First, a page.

4.    Ensure each power button on each router is in the OFF position.

5.    Connect an AC adapter to each router and plug them into an open power outlet.

My personal anecdotal evidence suggest it is better to plug in your network equipment starting from the cable modem, waiting about 10-15 seconds and then gradually moving inward.

1.    Power cycle your cable or DSL modem by unplugging and re-plugging it into its power source. Wait until all the LED indicators return to their normal state.

2.    Power on your Border router. Wait until the network activity LED is blinking.

3.    Power on both the IOT and Secure routers.

You have successfully setup Steve’s three-router solution! You can now begin to connect all of your IOT or “Internet-Enabled” devices to the IOT router, connect your “private” or most valuable electronic assets such as your main PCs, laptops, mobile devices and network storage devices to the Secure router.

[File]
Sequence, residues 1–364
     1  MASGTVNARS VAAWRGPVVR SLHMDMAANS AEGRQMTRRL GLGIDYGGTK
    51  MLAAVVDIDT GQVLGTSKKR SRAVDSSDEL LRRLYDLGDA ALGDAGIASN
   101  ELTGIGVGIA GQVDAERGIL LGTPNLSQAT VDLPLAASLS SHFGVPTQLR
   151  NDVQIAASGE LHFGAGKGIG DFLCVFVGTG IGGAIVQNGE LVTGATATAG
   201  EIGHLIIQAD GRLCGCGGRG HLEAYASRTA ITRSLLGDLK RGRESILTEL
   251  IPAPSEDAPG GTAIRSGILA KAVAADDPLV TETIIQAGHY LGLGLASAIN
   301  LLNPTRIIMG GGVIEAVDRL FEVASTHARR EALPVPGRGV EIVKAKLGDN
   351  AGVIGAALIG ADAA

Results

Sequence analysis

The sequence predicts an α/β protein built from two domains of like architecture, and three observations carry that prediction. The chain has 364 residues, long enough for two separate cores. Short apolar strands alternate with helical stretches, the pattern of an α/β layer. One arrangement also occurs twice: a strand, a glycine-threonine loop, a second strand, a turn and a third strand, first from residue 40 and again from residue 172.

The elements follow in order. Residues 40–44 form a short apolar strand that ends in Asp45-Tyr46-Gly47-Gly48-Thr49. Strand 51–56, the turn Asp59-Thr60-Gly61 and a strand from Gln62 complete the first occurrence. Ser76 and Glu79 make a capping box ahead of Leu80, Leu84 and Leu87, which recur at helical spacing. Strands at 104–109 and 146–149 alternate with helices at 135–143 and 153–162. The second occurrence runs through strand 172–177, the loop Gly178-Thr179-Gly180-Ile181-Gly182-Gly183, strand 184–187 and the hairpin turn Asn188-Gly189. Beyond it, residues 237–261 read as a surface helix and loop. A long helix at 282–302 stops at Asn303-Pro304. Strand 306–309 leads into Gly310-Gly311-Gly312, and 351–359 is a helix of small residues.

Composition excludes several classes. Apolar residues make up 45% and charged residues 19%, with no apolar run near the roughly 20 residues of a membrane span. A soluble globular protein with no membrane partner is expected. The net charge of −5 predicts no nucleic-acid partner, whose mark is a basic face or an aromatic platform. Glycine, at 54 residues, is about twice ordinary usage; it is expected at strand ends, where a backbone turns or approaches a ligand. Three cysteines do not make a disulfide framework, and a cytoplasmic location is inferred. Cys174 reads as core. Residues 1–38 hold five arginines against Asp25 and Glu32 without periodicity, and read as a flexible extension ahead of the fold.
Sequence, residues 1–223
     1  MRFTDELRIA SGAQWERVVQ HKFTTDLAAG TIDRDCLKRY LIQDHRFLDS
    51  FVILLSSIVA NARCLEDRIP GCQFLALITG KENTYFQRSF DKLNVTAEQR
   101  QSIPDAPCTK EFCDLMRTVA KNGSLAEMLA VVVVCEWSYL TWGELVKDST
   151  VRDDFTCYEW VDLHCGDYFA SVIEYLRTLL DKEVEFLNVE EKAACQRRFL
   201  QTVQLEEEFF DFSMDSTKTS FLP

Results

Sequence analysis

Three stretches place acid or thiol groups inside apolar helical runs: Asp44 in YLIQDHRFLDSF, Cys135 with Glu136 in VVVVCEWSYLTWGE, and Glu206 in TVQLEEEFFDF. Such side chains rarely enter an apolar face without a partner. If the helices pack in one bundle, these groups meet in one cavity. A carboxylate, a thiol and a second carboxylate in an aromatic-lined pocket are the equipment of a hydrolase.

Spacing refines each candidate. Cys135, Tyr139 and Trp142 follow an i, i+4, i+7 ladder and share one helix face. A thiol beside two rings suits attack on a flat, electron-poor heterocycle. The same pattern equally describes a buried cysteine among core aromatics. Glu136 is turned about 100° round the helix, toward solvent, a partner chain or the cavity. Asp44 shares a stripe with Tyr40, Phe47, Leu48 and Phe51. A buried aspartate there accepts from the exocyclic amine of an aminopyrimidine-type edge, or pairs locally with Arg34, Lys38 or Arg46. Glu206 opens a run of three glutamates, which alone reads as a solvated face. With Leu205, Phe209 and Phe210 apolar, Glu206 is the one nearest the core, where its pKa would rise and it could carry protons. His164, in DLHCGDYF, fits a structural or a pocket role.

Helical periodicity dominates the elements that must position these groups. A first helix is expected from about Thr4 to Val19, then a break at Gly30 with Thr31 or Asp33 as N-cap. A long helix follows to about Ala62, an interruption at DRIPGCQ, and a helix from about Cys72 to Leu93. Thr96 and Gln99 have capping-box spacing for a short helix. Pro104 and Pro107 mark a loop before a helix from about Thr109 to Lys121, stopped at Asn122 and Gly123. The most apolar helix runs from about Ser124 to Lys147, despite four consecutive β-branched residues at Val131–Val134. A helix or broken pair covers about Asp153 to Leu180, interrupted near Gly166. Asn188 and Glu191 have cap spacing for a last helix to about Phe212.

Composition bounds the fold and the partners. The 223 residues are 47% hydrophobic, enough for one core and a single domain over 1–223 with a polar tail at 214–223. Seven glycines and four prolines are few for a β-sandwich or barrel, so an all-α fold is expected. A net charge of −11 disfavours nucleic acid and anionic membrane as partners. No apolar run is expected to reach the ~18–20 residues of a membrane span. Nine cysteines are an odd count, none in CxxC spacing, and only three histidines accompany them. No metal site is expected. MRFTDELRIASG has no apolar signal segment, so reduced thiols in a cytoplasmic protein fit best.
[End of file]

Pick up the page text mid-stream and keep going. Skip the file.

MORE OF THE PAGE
Achievements: By forcing our network traffic through separate channels (IOT & Secure), we vastly improve the security of our local network devices. As mentioned above, we still have to deal with the threat of infected devices on the IOT router infecting or hijacking other IOT devices. In future we might be able to address this issue by applying some sort of software layer of protection (i.e. VLAN per device), but at least we have a solid platform on which to build upon. Remember, the primary goal and or achievement here is putting a theory into actual practice instead of just discussing how we can remedy this new and growing security threat. A side benefit of implementing this network topology is our change in behavior when it comes to connecting new devices to our network. Instead of passively blending everything in with our other devices and hoping everything will behave, we can now easily make an active decision about each device on its very first connection. We only have two choices, either the device is insecure and needs zero access to our secure network or the device is of high value and should be protected inside our secure network. We all realize the decision may not be as binary as that with each and every device, but at least now we are actively engaged in the mental process of protecting our most valuable network devices.